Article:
Sunday, May 19, 2019

Can I point out a mistake without seeming ungrateful?


For the past 15 years, a reader we're calling Annabelle, has volunteered for a local educational nonprofit. Over the years, she served in many roles from helping to organize functions to serving as a sounding board for the organization's leadership. For the past six years, Annabelle served as a member of the board of trustees, a position she will hold until she steps down at the end of June.

Prior to her final board meeting, Annabelle received an unexpected package on her doorstep. As a thank you for her years of service, the nonprofit's leadership team had sent her a gift engraved with both the organization's name, a notation of her years of service, and her name.

"I wasn't expecting anything," writes Annabelle. "But I was touched to be acknowledged."

Upon inspecting the box in which the gift arrived, however, Annabelle grew a bit perplexed. There was the notation "Box 2/2" written in black marker on the top of the box.

"I hadn't noticed it until I was dismantling the box for recycling," she writes, "and even then I didn't make too much of the notation."

But it crossed Annabelle's mind that perhaps the "2/2" notation indicated that there was supposed to be a second package. After sending a thank you note to the leadership team, she waited about a week to see if anything else showed up. It still hadn't.

"I feel kind of awkward mentioning it to them," she writes. "The gift was thoughtful and more than I anticipated. I don't want them to think I expected more."

Annabelle is torn about what to say to the leadership team or whether to say anything at all.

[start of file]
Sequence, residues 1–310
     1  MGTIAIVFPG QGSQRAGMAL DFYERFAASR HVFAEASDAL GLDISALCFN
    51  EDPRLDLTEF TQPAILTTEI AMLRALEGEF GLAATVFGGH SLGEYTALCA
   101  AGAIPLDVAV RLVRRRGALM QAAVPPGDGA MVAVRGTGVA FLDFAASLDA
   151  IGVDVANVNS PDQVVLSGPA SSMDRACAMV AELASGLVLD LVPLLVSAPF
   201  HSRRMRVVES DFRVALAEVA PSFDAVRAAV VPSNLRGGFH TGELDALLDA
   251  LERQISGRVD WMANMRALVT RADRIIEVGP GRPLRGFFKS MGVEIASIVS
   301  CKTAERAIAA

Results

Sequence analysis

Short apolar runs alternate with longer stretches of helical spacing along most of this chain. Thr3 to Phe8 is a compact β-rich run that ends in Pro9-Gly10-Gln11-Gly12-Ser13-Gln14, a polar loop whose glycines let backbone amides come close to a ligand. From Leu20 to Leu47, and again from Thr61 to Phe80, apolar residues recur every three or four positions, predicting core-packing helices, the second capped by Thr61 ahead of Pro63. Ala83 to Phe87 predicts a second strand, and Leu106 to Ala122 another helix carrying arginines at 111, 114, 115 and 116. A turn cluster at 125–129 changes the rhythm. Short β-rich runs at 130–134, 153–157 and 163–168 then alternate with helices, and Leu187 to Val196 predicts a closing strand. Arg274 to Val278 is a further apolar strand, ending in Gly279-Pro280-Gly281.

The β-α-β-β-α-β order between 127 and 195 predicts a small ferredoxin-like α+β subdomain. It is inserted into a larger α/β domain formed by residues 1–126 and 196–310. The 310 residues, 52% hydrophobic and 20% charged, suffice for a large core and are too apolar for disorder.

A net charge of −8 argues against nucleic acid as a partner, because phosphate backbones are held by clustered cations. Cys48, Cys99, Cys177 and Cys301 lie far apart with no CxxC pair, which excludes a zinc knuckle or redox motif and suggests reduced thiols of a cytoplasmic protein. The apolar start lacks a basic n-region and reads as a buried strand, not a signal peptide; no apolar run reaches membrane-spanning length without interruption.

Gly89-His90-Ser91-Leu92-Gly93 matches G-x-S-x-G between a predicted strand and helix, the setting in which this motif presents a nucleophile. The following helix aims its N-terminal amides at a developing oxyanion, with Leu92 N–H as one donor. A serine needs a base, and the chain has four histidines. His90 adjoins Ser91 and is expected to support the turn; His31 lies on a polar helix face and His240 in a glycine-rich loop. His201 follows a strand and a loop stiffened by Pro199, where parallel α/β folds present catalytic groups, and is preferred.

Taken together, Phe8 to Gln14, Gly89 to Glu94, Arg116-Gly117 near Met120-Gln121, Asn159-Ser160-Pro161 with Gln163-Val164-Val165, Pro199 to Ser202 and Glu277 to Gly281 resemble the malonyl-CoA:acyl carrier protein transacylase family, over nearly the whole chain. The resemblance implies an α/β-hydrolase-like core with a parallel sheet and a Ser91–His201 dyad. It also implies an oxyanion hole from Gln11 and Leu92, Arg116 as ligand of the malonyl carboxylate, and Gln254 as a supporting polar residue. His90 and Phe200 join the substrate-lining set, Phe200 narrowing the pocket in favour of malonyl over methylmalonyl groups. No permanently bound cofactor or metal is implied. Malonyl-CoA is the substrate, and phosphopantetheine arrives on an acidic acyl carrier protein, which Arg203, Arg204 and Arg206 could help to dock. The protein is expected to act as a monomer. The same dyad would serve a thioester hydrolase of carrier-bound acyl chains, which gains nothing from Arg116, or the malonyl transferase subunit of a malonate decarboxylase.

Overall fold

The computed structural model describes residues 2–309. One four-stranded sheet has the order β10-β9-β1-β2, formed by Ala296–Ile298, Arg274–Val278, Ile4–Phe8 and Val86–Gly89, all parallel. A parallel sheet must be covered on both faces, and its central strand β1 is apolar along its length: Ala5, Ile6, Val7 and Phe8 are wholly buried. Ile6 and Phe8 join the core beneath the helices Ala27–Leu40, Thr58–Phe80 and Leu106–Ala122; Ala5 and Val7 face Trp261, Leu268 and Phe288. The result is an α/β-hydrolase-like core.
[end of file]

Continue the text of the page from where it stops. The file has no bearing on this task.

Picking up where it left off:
"But if they had ordered something and it never arrived, wouldn't they like to know?" she asks. "I know I would."

Annabelle, who plans to step back from her volunteer efforts at the nonprofit to devote more time to other pursuits, is right to be concerned. Typically, such a notation on a package does indicate that two packages would be arriving as part of the shipment. There's a chance it could have been delivered to the wrong house or, more unlikely, pilfered from her porch. Still, Annabelle has no obligation to say anything to the leadership team beyond the thank you she already expressed.

While she has no obligation, her "I know I would comment" should be a strong guide toward the right thing to do. Most any of us would like to know if a package we intended for someone never arrived. Sometimes a tracking number can be used by the sender to see the goods arrived safely to their intended designation. But even a tracking number wouldn't ensure that the package had reached Annabelle if it had been misdelivered or pilfered.

Annabelle should send a quick note indicating that she noticed the "2/2" notation on the package and ask if there was another package that was supposed to arrive. She can repeat her thanks and comment on how unexpected her gift was, but that she didn't want the leadership team to think that something arrived when it hadn't. A moment of awkwardness doesn't do anything to diminish her gratitude particularly when she is trying to do the right thing. 

Jeffrey L. Seglin, author of The Simple Art of Business Etiquette: How to Rise to the Top by Playing Nice, is a senior lecturer in public policy and director of the communications program at Harvard's Kennedy School. He is also the administrator of www.jeffreyseglin.com, a blog focused on ethical issues. 

Do you have ethical questions that you need answered? Send them to rightthing@comcast.net. 

Follow him on Twitter: @jseglin 

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